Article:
John Rogers Searle (1932-) has made an outstanding contribution to the philosophy of language. His work on the speech act theory, with the well-known Speech Acts: An Essay in the Philosophy of Language (1969), has been among the most influential in linguistics and applied linguistics, specially within the field of pragmatics. John R. Searle's work has also been recognized for his research on the philosophy of mind and social philosophy.
John R. Searle was born in Denver, Colorado, and studied at the University of Wisconsin from 1949 until 1952. He then attended Oxford University as a Rhodes Scholar where he studied under the influence of John Austin from 1952 to 1959. At Oxford University he obtained a bachelor of arts (1955), a master of arts (1959), and a doctorate in philosophy (1959). He is currently a Slusser Professor of Philosophy at the University of California, Berkeley.
During his career, John R. Searle has been a lecturer and a visiting professor at several prestigious universities in the United States and around the world and has obtained honorary degrees from universities across the world: the University of Belgrade (2009), the University of Turin (2000), the University of Bucharest (2000), the University of Wisconsin (1994), and Adelphi University (1993). He is an honorary professor at the Tsinghua University, Beijing (2007) and at East China Normal University, Shanghai (2007). He has been awarded with numerous prizes including the Puffendorf medal (Sweden, 2006), Mind and Brain prize (Italy, 2006), National Humanities medal (USA, 2004), Jovellanos prize (Spain, 2000), and the Distinguished Teaching award at the University of California (Berkeley, 1999), among other prizes and honors. Likewise, Searle has been president of the American Philosophical Association (Pacific Division, 1990) and he has been a member of the American Academy of Arts and Sciences since 1977. Most of his research has focused on the philosophy of language; he is specially known in the field of pragmatics for his work on speech act theory. Following John Austin's 1962 philosophy of language, speech act theory postulates that when communicating, people perform three types of acts: a locutionary act, an illocutionary act, and a perlocutionary act. In addition, Searle presented a taxonomy of speech acts (representatives, directives, commissives, expressives, declarations) which has been widely used in pragmatics.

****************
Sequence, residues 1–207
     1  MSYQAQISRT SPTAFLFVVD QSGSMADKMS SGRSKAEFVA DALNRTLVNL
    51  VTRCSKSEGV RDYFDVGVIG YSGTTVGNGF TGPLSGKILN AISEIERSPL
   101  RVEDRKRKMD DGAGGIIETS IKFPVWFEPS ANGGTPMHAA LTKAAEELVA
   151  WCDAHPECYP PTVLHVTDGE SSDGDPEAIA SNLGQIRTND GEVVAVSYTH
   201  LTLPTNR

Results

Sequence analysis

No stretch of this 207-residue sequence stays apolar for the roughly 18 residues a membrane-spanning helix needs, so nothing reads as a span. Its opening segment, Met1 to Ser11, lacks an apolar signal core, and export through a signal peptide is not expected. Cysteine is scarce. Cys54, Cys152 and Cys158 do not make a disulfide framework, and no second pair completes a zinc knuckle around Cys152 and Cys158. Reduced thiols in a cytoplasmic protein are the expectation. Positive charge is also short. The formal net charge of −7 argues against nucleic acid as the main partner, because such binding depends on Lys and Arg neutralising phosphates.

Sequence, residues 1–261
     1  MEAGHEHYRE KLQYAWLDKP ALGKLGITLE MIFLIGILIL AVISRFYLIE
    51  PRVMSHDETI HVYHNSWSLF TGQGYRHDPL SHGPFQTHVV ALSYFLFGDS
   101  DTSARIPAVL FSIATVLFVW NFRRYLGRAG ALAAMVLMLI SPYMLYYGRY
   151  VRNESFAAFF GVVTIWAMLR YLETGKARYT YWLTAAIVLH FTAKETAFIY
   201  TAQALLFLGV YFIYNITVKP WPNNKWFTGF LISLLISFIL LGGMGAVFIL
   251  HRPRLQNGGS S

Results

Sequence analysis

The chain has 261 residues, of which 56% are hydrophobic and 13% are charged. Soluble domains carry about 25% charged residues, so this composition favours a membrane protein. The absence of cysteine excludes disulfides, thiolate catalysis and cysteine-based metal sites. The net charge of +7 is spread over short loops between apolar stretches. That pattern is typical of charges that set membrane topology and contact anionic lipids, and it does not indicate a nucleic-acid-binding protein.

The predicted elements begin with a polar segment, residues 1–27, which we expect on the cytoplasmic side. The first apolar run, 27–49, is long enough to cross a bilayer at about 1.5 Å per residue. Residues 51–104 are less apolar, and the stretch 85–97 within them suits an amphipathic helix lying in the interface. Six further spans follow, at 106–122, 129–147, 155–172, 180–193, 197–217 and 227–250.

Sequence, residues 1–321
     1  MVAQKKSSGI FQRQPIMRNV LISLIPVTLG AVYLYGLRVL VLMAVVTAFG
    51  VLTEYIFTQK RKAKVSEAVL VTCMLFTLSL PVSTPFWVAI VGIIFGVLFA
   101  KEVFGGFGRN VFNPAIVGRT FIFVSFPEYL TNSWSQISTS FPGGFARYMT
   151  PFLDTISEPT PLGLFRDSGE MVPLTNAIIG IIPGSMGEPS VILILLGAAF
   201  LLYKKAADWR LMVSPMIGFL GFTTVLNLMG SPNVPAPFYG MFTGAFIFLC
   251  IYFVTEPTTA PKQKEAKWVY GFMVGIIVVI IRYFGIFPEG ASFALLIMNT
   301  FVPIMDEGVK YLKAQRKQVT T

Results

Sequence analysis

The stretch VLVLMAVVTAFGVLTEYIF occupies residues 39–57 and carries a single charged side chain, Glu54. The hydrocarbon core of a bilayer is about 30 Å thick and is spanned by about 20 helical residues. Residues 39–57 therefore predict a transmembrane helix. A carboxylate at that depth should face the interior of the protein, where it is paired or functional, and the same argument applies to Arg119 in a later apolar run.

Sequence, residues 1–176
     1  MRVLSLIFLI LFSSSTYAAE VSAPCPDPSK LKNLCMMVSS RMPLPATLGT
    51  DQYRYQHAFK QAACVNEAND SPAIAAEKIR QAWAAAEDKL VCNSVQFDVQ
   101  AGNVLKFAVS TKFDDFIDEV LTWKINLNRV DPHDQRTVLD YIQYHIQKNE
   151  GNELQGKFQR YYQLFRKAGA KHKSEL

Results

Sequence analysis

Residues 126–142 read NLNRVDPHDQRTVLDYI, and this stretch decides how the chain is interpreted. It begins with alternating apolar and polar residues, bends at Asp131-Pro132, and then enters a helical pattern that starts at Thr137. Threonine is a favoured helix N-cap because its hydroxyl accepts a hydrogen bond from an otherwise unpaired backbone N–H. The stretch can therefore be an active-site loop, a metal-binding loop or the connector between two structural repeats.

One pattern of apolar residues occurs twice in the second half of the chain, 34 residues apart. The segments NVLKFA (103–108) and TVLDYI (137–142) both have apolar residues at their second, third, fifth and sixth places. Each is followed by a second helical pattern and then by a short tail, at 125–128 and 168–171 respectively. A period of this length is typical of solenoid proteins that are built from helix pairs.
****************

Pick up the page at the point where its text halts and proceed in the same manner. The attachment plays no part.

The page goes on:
In relation to the illocutionary force of speech acts, Searle also proposed the concept of intentionality in his work Intentionality: An Essay of the Philosophy of Mind (1983). Based on the illocutionary acts, intentionality was developed as, first, the speaker's objectives which lie underneath each speech act and, second, as the collective intent in social action rather than an individual act, which is the basis for the creation of social reality, as discussed in Collective Intentions and Actions (1990) and in The Construction of Social Reality (1995).